Decisions in the PhD Thesis Defence
    Prior to the oral defence, a thesis examining committee is established. This consists of the thesis committee plus an external examiner and a chair, both of whom are appointed by the graduate dean of the appropriate university. The decision of the examining committee is based both on the thesis and on the candidate's ability to defend it.
        Four decisions are open to the examining committee.

  • Accepted. Thesis may require typographical and/or minor editorial corrections to be made to the satisfaction of the supervisor, normally within one month.
  • Accepted conditionally. Thesis is acceptable but requires some changes in substance or editorial changes which are to be made to the satisfaction of members of the cxamining committee designated by the committee. The examining committee's report must include a brief outline of the nature of the changes required and must indicate the time by which the changes are to be completed. In any case, changes must be completed to the committee's satisfaction within one calendar year of the date of the defence or the student must withdraw from the program.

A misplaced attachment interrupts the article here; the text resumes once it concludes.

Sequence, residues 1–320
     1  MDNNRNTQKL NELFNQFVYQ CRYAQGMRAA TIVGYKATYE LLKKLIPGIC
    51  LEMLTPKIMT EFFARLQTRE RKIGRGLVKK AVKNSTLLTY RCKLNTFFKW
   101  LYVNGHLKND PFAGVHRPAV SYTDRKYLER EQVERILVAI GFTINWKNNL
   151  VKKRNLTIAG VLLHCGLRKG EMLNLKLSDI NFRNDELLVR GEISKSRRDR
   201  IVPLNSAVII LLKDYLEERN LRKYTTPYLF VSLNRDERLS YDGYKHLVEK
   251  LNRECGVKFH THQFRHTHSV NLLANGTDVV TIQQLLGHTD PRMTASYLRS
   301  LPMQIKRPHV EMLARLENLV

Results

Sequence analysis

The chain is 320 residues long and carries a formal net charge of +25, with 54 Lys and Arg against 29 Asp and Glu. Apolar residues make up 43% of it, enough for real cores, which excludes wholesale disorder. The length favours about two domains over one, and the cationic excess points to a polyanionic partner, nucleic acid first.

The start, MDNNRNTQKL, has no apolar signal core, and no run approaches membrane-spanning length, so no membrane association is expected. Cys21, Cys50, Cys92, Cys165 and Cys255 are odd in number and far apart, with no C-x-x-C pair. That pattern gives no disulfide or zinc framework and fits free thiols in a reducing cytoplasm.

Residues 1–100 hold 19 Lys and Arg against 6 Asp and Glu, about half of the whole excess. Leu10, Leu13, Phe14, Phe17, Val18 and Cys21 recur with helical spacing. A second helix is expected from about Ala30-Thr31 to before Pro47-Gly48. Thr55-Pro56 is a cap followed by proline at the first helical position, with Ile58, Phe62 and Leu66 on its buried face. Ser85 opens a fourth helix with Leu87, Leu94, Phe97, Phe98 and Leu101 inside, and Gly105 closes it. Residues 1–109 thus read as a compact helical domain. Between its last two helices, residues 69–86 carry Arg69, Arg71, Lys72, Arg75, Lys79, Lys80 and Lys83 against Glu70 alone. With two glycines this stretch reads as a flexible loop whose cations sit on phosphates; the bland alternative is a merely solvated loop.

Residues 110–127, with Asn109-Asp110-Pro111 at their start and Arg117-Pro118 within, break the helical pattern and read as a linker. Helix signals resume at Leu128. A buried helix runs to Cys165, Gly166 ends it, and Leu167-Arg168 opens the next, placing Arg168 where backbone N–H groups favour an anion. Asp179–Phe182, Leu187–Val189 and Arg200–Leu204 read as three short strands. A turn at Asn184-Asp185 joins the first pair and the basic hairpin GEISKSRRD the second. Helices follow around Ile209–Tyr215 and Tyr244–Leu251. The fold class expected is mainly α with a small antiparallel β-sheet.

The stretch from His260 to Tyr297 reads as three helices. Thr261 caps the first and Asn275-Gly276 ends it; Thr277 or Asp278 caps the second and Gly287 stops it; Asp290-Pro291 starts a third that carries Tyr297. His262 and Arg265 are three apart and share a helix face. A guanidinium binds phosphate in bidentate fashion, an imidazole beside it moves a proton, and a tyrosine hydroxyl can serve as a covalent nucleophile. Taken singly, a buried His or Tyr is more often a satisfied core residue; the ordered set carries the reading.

• Decision deferred. Thesis requires modifications of a substantial nature, the need for which makes the acceptability of the thesis questionable. The examining committee's report must contain a brief outline of the modifications expected and should indicate the time by which the changes are to be completed. The revised thesis must be resubmitted to the dean of Graduate Studies for re-examination. Normally, the re-examination will follow the same procedures as for the initial submission except that the display period may be reduced or eliminated at the discretion of the dean. Normally the same examining committee will serve. A decision to defer is open only once for each candidate.